“It was em­bar­rass­ing,” Dr. Finkel­stein says. “Th­ese peo­ple, some of whom did not even come from Hamil­ton, did not rep­re­sent our com­mu­ni­ties. The me­dia was be­ing used.”

Af­ter­ward, they tried to iden­tify com­mu­nity spokes­men they re­garded as re­spon­si­ble, and gave the namestolo­cal­re­porters.Mosta­gree that this has soft­ened the tone and re­duced the vol­ume of the rhetoric.

“I’d say we have be­come more thought­ful and so­phis­ti­cated in un­der­stand­ing how in­ter­na­tional sto­rieswillplay­outi­nour­com­mu­nity,” saysDanaRob­bins,ed­i­tor­inchiefof the Hamil­ton Spec­ta­tor, which cospon­sored the Hamil­ton Place de­bate and do­nated thou­sands of dol­lars in ad­ver­tis­ing to pro­mote it.

“But let me turn this around. The re­spec­tive com­mu­ni­ties have spent a huge amount of en­ergy in putting up lead­er­ship [to serve as spokes­men].They­de­cid­edthatth­ey­couldn’t let our com­mu­nity be de­fined by peo­ple hold­ing onto old habits and prej­u­dices.”

Si­lenc­ing the fringe

Even so, it seems that ev­ery month pro­duces an over­seas event that threat­ens to per­co­late into a lo­cal cri­sis, forc­ing the com­mu­nity di­a­logue group to deal with re­sent­ment over the Dan­ish car­toons ridi­cul­ing the prophet Mo­hammed and the sub­se­quent at­tempt to si­lence the news­pa­pers, or Pope Bene­dict XVI’s ref­er­ence to his­tor­i­cal as­ser­tions that Is­lam was prop­a­gated by the sword.

When two Mus­lim stu­dents at Hamil­ton’s McMaster Univer­sity were among 17 Cana­di­ans ar­rested for plot­ting to blow up Cana­dian gov­ern­ment­build­ingslastJune,the lo­cal Mus­lim com­mu­nity was stunned­bytherev­e­la­tion­soft­he­p­lot and­dis­ap­point­edthatMus­lim­swere called on to de­fend their re­li­gion.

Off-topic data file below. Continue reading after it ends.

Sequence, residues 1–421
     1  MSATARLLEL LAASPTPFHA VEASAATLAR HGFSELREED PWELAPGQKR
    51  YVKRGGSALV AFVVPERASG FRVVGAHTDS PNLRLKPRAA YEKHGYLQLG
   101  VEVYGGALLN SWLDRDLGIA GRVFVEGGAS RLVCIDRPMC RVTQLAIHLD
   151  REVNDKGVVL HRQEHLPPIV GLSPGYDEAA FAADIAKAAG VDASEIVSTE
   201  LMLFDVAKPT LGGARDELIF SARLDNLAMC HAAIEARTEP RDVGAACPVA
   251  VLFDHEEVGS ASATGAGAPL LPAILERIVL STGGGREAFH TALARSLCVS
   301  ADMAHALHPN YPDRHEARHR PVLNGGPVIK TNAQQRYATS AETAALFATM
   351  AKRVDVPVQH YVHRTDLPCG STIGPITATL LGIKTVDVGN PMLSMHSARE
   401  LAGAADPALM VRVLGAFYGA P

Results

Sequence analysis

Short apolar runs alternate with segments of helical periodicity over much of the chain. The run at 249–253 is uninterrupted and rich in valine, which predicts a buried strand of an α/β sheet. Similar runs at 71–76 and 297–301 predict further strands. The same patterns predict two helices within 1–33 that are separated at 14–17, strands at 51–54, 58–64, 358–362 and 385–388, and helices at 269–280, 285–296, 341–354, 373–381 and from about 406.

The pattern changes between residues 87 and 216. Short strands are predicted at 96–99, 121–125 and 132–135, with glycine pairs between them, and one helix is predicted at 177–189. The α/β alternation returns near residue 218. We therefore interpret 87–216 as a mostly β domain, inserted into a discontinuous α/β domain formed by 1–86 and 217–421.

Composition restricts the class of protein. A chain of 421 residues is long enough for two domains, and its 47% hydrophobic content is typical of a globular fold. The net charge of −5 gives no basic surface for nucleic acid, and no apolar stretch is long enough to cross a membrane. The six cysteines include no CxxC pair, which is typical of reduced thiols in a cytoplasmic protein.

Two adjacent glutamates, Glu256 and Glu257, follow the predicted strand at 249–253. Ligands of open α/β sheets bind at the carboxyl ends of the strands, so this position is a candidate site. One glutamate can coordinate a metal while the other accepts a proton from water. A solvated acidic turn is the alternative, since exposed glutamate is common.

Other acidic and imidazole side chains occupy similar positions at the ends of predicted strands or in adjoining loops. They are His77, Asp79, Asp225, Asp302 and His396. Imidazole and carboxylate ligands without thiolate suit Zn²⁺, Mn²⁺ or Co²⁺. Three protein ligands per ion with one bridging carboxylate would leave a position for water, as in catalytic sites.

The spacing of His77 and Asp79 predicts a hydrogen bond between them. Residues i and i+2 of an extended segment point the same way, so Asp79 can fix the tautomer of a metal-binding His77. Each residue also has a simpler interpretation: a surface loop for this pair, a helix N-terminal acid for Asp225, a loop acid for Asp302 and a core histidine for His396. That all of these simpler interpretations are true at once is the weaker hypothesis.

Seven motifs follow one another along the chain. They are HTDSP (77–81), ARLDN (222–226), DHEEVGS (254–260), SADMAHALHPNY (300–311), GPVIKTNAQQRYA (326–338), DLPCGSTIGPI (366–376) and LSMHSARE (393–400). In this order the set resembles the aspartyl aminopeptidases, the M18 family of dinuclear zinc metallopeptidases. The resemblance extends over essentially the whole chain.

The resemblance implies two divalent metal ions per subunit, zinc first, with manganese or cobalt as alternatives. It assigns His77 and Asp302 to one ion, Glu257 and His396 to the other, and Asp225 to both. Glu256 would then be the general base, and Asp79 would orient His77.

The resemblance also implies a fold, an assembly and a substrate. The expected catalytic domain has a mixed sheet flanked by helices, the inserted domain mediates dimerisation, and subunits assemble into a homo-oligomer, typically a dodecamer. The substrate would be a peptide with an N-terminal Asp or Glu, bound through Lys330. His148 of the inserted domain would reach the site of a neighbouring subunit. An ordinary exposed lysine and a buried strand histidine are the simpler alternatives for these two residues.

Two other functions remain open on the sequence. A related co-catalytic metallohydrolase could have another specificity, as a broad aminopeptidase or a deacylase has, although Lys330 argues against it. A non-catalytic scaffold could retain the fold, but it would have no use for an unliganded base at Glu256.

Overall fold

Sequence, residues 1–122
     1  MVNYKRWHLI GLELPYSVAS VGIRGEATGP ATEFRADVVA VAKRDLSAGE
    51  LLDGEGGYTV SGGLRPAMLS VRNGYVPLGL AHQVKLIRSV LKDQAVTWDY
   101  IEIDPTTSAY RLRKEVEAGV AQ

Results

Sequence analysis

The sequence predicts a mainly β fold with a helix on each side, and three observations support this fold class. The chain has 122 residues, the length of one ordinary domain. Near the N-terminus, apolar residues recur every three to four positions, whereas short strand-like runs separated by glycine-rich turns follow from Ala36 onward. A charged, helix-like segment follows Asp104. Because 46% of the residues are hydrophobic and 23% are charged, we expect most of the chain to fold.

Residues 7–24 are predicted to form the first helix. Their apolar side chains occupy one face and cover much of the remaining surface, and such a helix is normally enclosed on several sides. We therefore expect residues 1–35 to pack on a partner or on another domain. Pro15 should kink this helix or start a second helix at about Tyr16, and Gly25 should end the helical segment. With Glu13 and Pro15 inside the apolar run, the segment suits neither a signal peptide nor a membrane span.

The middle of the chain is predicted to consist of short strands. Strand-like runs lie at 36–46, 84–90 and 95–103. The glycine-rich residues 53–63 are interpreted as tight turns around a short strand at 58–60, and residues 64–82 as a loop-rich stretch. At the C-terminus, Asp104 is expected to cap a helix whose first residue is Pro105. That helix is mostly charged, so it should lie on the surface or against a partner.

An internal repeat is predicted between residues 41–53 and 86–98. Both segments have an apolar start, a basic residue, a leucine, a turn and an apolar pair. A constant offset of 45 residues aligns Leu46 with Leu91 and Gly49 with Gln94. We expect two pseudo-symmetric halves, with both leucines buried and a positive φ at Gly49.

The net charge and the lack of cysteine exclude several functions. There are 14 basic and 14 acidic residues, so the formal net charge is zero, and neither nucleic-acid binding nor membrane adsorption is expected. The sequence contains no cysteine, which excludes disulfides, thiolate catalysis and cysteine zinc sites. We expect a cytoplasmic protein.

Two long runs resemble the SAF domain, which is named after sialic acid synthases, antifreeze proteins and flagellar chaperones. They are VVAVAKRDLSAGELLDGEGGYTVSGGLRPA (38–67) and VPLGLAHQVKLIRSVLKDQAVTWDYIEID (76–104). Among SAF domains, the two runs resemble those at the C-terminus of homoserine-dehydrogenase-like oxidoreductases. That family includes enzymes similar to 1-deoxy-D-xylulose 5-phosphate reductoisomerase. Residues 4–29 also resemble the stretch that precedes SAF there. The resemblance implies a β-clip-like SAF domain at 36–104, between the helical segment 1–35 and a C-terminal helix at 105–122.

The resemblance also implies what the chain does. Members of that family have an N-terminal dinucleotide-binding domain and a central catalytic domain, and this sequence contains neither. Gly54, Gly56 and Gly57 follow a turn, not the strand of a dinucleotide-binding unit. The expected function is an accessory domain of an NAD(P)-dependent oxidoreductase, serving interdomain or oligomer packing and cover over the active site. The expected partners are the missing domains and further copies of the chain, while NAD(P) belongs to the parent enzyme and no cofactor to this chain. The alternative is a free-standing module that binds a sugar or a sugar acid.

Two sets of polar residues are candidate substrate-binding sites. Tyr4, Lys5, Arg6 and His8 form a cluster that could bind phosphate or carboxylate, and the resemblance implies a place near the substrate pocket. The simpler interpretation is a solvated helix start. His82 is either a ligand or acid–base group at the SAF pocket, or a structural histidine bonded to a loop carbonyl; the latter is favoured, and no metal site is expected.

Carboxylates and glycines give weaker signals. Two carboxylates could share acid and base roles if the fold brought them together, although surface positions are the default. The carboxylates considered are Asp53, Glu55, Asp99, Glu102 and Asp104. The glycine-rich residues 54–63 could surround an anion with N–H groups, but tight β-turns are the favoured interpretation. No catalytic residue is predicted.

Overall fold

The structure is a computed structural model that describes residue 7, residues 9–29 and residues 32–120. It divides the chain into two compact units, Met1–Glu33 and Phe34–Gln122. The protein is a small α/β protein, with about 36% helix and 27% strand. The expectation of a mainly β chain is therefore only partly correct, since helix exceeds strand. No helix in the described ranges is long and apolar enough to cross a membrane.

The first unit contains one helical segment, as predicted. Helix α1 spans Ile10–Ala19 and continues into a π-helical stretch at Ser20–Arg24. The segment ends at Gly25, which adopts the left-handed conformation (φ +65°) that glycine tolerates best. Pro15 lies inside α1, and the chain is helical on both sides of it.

SaysMr.Mirza:“If­some­onecom­mits a crime, then ar­rest them. But why call them Mus­lims, as if all Mus­lim­sareter­ror­ists?Noonecalls Ti­moth­yMcVeightheChris­tianOk­la­homa City bomber, as if Chris­tian­ity is a re­li­gion of ter­ror­ism.”

In Au­gust, Hamil­ton’s Mus­lim com­mu­ni­ty­hel­dar­al­ly­to­protestIs­rael’s border war with Le­banon. Some of the di­a­logue mem­bers saw that the list of speak­ers in­cluded ex­trem­ists and asked edi­tors and re­porters to avoid the event. As a re­sult, it went un­cov­ered, in ef­fect si­lenc­ing the fringe at the risk of giv­ing life to ru­mors.

“Whathap­pen­si­fa­treefallsinthe for­est and no one hears it?” asks Dr. Finkel­stein. “When the event was not cov­ered, it de­nied the hate­mon­gers the at­ten­tion they wanted.”

Be­cause Daniel Pearl was an ac­com­plished­vi­o­lin­ist,thePear­lFoun­da­tion­estab­lished­by­h­is­fa­theruses mu­sic to cre­ate bridges. At the Hamil­ton Place event, a choir of Mus­lim, Jewish and Chris­tian chil­dren sang songs of peace, at times a lit­tle off-key.

Mr. Cheaib says the choir was the best thing to come from the event. Not only did the chil­dren get to­knowea­chother,but­their­par­ents — Jews in yarmulkes and Mus­lim women wear­ing the hi­jab — waited to­gether through the prac­tices. The par­ents started talk­ing, not about Mid­dle East pol­i­tics, but their chil­dren’s school grades, soc­cer, ice hockey and their hopes for their chil­dren.